Every page was a punch to the gut and the last page gave me goosebumps. 

5/5 stars, because Jason Reynolds is nothing short of masterful.

And because I can't get away from fictionalized tellings of Hemingway's life... I bring you, Hemingway's Girl. While The Paris Wife was fictional, it was inspired by a real people and a real relationship. This book is almost entirely fictionalized in that it's about a fictional woman who is hired by Hemingway's second wife to be their maid. 

This takes place in Key West and has Cuban influences (Mariella, the protagonist, is half Cuban). Mariella struggles with her growing attraction toward Hemingway (can't blame ya, sister), especially since he's a married man, but she also develops an attraction for a WWI vet she meets. 

I started this on the train one day and it felt a little slow getting in, but after chapter four it picked up. I finished the rest of the book on a Sunday afternoon and found myself really getting into it.

4/5 stars, much about individual ideals and family, with a nicely painted setting. 

And so begins the Jennifer Crusie portion of the talk. I read a Jennifer Crusie book as an undergrad when I took a popular romance genre class. Her book Fast Women was on the reading list and I remember feeling fondly about it, so I borrowed the e-book version of Charlie All Night from the library and read it on my Kindle in a few hours.

Her books are super light reads with plots that aren't serious or heavy which is a nice change of pace. This is about a radio producer who gets assigned a new radio personality and she has the intention of making him "a star" except, he's not interested in fame because he has a secret of his own. They end up developing an attraction to one another very early on and the rest is history.

The plots of her books remind me a lot of Hallmark movie plots, which isn't necessarily a criticism because they appeal to so many people, but they're a little fluffy in that respect.

I love that she recognizes body image/self esteem issues by having leading women who are pretty confident in themselves despite not being rail thin or conventionally pretty. I think that's somewhat rare in the romance/chick-lit genre.

She writes pretty good sex scenes and her website is very funny. I love her personal voice a lot.

3/5 stars, easy and light read

This one is about a newly divorced 40-something-year-old woman who gets a dog that keeps escaping through her apartment window into the apartment of a charming E.R. doctor that lives one floor below her who happens to be a decade younger than her. She's reluctant to acknowledge their attraction because of the age difference but eventually gives in...and you can guess the rest ;)

Another 3/5 stars simply because it's rather fluffy but of the three I read this month, the dialogue in this one was my favorite--charming and funny.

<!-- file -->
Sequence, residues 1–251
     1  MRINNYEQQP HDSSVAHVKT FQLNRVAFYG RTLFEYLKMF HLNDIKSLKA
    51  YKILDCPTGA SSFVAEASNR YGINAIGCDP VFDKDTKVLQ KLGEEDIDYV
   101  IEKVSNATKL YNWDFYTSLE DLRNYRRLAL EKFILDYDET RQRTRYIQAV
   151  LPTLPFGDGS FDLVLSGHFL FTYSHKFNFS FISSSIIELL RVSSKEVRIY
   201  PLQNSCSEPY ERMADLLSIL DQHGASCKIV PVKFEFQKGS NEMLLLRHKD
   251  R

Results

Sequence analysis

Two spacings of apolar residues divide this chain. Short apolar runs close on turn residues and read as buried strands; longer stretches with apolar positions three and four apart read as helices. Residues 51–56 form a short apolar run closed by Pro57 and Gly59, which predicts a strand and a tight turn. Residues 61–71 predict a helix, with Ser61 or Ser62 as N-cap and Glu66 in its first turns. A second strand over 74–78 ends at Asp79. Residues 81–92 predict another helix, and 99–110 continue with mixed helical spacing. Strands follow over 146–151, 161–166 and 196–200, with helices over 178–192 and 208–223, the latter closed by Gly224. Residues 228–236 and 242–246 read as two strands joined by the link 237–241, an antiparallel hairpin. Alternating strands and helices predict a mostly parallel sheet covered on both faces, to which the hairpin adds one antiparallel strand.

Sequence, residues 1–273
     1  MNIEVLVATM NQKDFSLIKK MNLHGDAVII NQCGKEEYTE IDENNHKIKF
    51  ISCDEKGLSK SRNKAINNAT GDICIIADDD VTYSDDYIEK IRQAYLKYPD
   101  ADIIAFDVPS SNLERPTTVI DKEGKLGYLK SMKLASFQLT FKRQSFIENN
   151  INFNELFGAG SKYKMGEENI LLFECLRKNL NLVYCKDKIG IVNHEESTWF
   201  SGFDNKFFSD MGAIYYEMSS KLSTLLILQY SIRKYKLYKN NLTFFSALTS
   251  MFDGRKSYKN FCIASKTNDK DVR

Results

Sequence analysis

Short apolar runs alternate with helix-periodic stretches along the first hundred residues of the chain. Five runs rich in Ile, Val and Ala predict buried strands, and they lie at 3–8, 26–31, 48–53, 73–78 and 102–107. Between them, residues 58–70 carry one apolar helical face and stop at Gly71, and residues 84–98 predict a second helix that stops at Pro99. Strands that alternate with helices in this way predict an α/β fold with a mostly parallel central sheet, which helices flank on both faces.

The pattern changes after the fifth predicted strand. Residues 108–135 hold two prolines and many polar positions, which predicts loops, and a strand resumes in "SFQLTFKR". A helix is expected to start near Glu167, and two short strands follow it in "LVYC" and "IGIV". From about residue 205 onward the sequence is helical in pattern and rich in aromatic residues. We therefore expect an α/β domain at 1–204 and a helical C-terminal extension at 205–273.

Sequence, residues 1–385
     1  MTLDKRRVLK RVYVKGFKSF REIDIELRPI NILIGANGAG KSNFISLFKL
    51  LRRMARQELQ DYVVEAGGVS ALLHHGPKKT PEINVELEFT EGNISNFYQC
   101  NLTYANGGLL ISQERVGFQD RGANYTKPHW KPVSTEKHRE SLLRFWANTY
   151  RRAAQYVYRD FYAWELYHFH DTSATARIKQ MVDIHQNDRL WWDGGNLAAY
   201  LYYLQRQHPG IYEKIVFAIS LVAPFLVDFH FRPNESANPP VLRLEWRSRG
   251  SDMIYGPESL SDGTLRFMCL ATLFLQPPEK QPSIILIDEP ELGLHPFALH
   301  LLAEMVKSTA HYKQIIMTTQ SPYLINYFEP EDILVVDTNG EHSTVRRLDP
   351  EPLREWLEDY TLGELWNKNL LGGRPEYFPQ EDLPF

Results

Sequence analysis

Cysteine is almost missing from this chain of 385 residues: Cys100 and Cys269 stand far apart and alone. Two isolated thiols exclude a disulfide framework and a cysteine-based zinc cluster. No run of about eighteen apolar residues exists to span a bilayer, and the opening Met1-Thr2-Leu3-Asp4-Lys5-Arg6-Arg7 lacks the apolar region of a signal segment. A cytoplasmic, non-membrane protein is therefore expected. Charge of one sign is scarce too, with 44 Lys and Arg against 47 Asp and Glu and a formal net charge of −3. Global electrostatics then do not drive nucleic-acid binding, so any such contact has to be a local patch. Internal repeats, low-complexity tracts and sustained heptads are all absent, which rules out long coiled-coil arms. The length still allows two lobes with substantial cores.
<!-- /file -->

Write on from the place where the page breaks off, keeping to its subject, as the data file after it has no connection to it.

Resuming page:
9 // Bet Me

This one felt a little longer to me compared to her other novels and had a lot going on because there were so many characters that were involved in (what seemed like) every interaction which was kind of tiring at times. Because there's so much going on, I'm finding it kind of hard to explain without mentioning every detail, so here's the copy from Goodreads:

"Minerva Dobbs knows that happily-ever-after is a fairy tale, especially with a man who asked her to dinner to win a bet. Even if he is gorgeous and successful Calvin Morrisey. Cal knows commitment is impossible, especially with a woman as cranky as Min Dobbs. Even if she does wear great shoes and keeps him on his toes. When they say good-bye at the end of their evening, they cut their losses and agree never to see each other again.

But Fate has other plans, and it's not long before Min and Cal meet again. Soon, they're dealing with a jealous ex-boyfriend, Krispy Kreme donuts, a determined psychologist, chaos theory, a freakishly intelligent cat, Chicken Marsala, and more risky propositions than either of them ever dreamed of. Including the biggest gamble of all—true love."

3/5 stars, a fun, fast-paced read for those who need to get out of their own head a little bit

I like reading books like Jennifer Crusie because they make ya feel good. I also love that she's dedicated a lot of her education to English literature and feminist study, which makes me feel like her work is reflective of what she's learned over the years and not as fluffy as they may seem.


Those are all my books for February! 

I'm starting off March with another collection of short essays about Paris, The Pilot's Wife, I'm waiting on a copy of Jason Reynold's Miles Morales, a comic novel about the black Spider-Man, and waiting on a copy of Taylor Jenkins Reid's The Seven Husbands of Evelyn Hugo. And I'm guessing another one or two Jennifer Crusie novels will make their way in ;)



  1. All of those sound like really intriguing reads. Although, I must admit, Long Way Down is what really caught and held my attention. I have added quite a few of these to my "to read" list! Do you have Goodreads? I would love to add you on there!

    1. Oh I'm so glad! Yes, Long Way Down is a MUST read. It's amazing. I am on Goodreads! Here I am: